Every week we will break down, debunk and demystify your rights as a shopper in Australia. This week we are looking at why it is becoming harder to find an ATM when you need one.
We all know life is getting more expensive than ever before, and how important it is to stretch every dollar you make.
That's why each week we'll answer a question surrounding what shoppers are – and aren't – entitled to when dealing with retailers and manufacturers.
MONEY MATTERS: Is it legal for a shop to only accept cash as payment?
All cashed out?
This isn't really a problem I have but more of a curiosity – one day I was out at my local shops and needed cash to pay for my haircut at a local salon that only accepted cash.
Ten years ago this shopping mall was littered with ATMs from all banks, but on this day I struggled even to find one from an independent operator.
Is it me, or are ATMs disappearing faster than they ever have before?
It's not you – ATMs (or automated teller machines) are disappearing at a rate of knots.
All of Australia's major banks, and even the smaller operators, are reducing their ATM presence in the community for a number of reasons, but we only really publicly hear of one: people aren't using them anymore.
MONEY MATTERS: How to get a refund if you've lost the box
The huge adoption of digital payments – such as contactless cards or using smartphones on EFTPOS terminals – has seen a dramatic reduction in the number of customers accessing ATMs to withdraw cash.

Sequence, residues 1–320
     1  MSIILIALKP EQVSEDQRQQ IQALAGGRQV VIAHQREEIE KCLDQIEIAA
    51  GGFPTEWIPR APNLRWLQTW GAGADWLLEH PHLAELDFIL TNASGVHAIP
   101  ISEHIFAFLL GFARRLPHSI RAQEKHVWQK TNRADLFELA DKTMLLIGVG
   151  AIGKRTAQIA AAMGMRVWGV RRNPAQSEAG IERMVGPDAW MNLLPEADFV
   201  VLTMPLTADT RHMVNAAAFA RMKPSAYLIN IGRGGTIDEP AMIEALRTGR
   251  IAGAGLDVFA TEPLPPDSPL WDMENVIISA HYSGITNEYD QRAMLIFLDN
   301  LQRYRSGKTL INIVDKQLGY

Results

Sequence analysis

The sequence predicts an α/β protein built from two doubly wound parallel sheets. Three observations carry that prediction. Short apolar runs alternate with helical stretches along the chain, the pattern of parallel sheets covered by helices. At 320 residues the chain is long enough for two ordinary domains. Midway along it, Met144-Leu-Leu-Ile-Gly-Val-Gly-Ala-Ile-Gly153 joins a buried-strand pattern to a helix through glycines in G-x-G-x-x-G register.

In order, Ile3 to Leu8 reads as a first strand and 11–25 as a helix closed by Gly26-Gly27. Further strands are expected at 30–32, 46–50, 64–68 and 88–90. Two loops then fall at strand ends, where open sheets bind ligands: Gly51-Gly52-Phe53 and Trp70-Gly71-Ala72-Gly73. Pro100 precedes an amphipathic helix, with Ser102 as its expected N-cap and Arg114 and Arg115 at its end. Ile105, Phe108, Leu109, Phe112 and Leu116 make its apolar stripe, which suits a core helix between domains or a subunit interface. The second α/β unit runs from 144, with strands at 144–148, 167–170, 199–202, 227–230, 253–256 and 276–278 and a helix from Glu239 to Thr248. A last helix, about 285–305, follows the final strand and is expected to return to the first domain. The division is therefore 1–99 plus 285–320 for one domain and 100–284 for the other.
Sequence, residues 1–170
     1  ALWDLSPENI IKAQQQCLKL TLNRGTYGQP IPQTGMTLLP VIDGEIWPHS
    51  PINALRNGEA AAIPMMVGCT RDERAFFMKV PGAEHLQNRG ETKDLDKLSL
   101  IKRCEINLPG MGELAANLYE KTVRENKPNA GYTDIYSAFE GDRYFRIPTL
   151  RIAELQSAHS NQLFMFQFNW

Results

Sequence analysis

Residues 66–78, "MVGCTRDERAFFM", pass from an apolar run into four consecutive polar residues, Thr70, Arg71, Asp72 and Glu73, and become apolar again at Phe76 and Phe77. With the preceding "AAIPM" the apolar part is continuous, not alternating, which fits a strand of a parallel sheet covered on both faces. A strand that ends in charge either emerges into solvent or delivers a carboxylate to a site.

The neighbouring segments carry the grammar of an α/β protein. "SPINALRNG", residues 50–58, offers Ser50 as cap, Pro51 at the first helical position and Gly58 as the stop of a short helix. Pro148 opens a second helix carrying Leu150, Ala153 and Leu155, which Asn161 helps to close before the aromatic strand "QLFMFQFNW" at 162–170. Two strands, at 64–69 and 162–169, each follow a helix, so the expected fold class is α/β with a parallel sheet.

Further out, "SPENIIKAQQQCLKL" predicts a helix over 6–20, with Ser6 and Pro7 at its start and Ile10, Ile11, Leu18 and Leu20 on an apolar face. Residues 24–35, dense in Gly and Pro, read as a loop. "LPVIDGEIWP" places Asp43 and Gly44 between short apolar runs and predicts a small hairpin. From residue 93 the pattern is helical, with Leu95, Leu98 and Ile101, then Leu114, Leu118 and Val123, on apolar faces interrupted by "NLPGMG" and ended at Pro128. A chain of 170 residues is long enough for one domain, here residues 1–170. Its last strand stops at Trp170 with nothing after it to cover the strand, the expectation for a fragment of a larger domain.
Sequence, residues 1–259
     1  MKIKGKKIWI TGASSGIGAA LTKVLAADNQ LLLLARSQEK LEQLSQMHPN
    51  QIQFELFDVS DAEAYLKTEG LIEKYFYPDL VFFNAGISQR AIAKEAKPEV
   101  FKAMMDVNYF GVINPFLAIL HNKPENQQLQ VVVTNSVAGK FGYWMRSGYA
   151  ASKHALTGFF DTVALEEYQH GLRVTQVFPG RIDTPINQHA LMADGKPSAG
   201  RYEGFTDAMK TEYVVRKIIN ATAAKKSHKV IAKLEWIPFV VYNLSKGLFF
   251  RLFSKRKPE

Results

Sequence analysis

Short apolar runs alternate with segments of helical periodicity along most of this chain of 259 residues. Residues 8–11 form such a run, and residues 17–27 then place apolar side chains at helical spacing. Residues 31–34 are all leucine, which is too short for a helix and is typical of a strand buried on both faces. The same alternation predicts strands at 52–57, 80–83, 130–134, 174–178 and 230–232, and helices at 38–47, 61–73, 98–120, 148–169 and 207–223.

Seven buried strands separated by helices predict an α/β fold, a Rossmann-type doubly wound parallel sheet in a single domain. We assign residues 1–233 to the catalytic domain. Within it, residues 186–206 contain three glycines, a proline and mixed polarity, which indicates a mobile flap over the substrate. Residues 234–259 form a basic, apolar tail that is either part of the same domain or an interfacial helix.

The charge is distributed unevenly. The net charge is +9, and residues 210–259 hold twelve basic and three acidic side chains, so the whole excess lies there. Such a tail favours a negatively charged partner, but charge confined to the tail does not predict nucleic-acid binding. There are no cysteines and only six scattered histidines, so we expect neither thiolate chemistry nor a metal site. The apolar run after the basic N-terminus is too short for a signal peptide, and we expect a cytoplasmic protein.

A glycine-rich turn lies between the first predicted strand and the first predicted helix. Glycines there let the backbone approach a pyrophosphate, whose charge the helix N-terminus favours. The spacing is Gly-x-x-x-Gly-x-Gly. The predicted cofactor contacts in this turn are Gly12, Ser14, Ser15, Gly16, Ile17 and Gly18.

The latest statistics from the Reserve Bank of Australia show that on a 12-month basis, ATM withdrawals are plunging, with a 5.8 per cent drop in November of last year alone.
But there's more to it than that.
Traditionally ATMs are not a huge profit driver for banks, compared to other products or services they offer.
The machines offer a valuable service to customers who may need it, and a bank's ATM network was perhaps once a major selling point.
MONEY MATTERS: The problem with 'no refund on sale item' signs
But now customers are using them less, they are fast becoming an unnecessary expense on the bank's bottom line.
Think about all the costs that one would have to incur to run an ATM: There's the cost of the machine itself, the cash to stock it, the price of armed contractors to collect and transport the cash, various insurance requirements and if the ATM is not physically on bank property, maybe even rent on where the machine is placed.
That's largely why private ATM companies are replacing those of the big banks – they are offering the convenience of cash on hand, and covering their costs with a withdrawal fee that traditionally the big lenders would waive.
Sign up here to receive our daily newsletters and breaking news alerts, sent straight to your inbox.
The information provided on this website is general in nature only and does not constitute personal financial advice. The information has been prepared without taking into account your personal objectives, financial situation or needs. Before acting on any information on this website you should consider the appropriateness of the information having regard to your objectives, financial situation and needs.